Once again, a phone call between President Trump and another politician has sparked anger among the perpetually outraged. This latest instance, which certainly has echoes of the infamous Ukrainian call, relates to the 2020 election and sees Trump urge Brad Raffensperger, the Georgia secretary of state, to do his job. However, the Fourth Estate has seized on this as a moment to accuse the president of yet more wrongdoing.
The perception of misconduct is predicated on the idea that Trump was coercing Raffensperger to make up votes. But for any who can read a simple paragraph without injecting partisanship, the picture becomes far clearer: Trump wants Rafffensperger to fulfill his duty by looking into claims of electoral malfeasance.
A Test for Guilt?
The media machine was quick to trot out legal scholars and experts to back up its claims that the president was in the wrong during his January 2 discussion, and any subsequent investigation will surely feature the same talking heads. But there is a simple test to apply when determining someone’s motive: If the other side suspected electoral fraud, would this phone call be the minimum they expect of the commander in chief?
Partisanship is the curse of lawmakers and the fodder of the legacy media. If the shoe were on the other foot and Democrats sought to challenge the election results, no amount of cajoling or veiled threats would have been enough.
What did the president actually say?
A Perfect Phone Call, Again?
The recording of the call, published by a well-known Washington newspaper, is a magic mirror: It shows you precisely what you want to see.
President Trump, speaking to Raffensperger, general counsel Ryan Germany, and Deputy Secretary of State Jordan Fuchs, began by laying out his case that a full audit – one that checks signatures, rather than just a tally of electronic votes, should take place. He said:
“We have at least 2 or 3 — anywhere from 250 to 300,000 ballots were dropped mysteriously into the rolls. Much of that had to do with Fulton County, which hasn’t been checked. We think that if you check the signatures — a real check of the signatures going back in Fulton County — you’ll find at least a couple of hundred thousand of forged signatures of people who have been forged. And we are quite sure that’s going to happen.”
This is the premise of what Trump is requesting. Not that the secretary of state makes up a swath of fraudulent ballots, nor that the state electoral team throw out genuine ballots, but that serious consideration is given to check that the votes cast in the election were done so by real people.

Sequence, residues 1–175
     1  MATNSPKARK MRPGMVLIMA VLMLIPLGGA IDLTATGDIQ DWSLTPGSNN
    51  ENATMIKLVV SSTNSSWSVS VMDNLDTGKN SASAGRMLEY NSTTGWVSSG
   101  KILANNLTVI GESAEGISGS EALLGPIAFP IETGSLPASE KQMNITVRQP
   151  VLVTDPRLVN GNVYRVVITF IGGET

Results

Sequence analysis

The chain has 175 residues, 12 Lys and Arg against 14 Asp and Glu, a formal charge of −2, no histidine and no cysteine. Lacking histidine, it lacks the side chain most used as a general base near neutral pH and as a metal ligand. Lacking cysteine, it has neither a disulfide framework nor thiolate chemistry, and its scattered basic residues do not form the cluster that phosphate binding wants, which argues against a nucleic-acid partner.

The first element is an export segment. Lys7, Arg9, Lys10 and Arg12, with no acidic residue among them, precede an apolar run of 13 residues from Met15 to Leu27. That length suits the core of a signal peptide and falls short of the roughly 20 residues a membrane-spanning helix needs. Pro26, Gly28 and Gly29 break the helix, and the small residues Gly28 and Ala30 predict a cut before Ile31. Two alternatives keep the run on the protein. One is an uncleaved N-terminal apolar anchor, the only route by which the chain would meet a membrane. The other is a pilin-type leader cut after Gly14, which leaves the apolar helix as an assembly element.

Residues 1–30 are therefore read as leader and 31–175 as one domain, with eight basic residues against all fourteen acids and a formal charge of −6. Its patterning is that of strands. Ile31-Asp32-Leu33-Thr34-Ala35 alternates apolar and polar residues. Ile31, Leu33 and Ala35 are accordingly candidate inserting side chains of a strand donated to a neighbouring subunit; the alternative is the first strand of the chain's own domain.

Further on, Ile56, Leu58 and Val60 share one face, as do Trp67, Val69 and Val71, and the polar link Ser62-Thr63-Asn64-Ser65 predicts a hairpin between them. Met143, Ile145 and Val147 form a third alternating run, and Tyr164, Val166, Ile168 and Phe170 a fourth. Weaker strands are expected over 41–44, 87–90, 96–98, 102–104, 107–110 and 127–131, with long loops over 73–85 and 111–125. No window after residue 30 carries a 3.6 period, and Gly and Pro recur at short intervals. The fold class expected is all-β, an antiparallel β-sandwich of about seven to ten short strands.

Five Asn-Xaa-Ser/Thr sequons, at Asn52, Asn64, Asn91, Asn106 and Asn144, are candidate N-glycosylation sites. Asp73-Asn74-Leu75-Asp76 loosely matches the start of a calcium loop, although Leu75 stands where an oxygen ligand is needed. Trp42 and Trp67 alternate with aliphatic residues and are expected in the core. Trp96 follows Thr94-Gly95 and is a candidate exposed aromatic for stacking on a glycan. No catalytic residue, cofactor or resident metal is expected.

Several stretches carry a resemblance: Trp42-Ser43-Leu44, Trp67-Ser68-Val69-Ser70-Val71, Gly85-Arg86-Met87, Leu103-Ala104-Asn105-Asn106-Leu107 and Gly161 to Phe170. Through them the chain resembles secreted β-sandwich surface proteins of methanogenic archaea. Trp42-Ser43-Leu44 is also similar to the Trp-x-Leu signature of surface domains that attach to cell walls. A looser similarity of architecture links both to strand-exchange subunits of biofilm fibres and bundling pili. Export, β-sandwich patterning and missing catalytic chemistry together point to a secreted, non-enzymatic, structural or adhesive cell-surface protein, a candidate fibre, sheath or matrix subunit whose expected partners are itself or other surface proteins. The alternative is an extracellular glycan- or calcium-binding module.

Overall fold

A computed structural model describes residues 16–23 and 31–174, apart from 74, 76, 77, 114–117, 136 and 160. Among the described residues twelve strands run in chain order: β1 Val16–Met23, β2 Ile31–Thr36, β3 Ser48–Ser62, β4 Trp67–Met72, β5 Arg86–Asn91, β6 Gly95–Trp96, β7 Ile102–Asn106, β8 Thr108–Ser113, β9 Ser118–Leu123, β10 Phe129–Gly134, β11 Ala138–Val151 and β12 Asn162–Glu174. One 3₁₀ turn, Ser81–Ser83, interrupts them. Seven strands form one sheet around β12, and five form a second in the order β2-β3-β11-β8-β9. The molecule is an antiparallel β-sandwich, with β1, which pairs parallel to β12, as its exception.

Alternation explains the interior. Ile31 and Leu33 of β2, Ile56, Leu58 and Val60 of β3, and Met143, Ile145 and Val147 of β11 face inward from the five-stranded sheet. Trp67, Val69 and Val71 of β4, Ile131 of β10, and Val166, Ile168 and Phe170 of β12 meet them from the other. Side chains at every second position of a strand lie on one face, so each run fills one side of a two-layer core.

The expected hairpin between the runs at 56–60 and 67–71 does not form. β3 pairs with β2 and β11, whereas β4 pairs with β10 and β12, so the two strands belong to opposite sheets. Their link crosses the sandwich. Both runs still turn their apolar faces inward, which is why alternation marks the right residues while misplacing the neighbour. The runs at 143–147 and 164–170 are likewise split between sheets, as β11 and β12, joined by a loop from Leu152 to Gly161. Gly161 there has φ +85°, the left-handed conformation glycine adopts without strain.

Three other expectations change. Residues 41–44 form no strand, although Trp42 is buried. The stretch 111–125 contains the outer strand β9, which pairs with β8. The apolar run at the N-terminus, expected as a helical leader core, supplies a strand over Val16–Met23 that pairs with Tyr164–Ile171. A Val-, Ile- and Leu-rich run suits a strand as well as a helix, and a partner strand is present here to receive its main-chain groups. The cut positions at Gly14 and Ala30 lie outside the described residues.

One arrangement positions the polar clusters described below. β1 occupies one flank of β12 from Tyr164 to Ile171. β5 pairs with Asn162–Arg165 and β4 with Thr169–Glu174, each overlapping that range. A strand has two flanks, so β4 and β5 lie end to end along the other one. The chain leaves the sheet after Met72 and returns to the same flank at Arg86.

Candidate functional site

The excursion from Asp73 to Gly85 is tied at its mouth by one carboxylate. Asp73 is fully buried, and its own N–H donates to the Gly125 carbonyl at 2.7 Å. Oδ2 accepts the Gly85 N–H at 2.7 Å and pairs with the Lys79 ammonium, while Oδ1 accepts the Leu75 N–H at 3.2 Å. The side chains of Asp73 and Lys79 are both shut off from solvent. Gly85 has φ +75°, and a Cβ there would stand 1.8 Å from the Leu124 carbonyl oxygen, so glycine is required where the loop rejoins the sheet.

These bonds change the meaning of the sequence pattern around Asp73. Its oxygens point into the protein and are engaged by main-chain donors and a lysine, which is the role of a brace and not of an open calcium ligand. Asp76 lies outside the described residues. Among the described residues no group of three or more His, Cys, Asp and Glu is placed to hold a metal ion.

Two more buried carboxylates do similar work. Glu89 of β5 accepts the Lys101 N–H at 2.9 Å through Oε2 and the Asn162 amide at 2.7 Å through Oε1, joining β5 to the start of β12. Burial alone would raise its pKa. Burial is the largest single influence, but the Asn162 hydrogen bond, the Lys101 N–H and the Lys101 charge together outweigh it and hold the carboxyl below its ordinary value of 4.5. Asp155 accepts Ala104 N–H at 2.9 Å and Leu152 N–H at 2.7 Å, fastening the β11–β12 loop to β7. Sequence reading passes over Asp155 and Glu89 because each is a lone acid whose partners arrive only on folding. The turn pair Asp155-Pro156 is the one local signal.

The president further detailed issues with drop boxes that disappeared for several days, inconsistencies and questions that, regardless of party support, should be examined to ensure election results can be relied upon to reflect actual votes cast.
White House Chief of Staff Mark Meadows, who joined the president on the call, clarified Trump’s request, saying “there are allegations where we believe that not every vote or fair vote and legal vote was counted, and that’s at odds with the representation from the secretary of state’s office. What I’m hopeful for is there some way that we can, we can find some kind of agreement to look at this a little bit more fully?”
Yet again, the White House duo is asking that due diligence take place rather than the wholesale criminal manufacturing of fresh ballots.
Raffensperger responded that the evidence had already been presented to state lawmakers and that the courts had rejected it. This is not quite accurate, however. A number of lawsuits across the country were rejected by courts not based on a judge reviewing evidence and coming to a determination, but because the suits asked for remedies that were either not within the courts’ powers to grant or too big an ask.
The phone call in question is now the cause du jour of spin doctors and the activist media. It has become a cudgel with which to denigrate the president and cast his requests as something nefarious rather than a search for answers.
If a man believes he has been unfairly treated and that people have conspired to steal from him something honestly won, is it not his right to ask those in positions of responsibility to do their due diligence? And is it not the responsibility of those who can seek the truth to do so … not just for the president, but for the sake of the American voter’s faith in the whole electoral system?
Read more from Mark Angelides.
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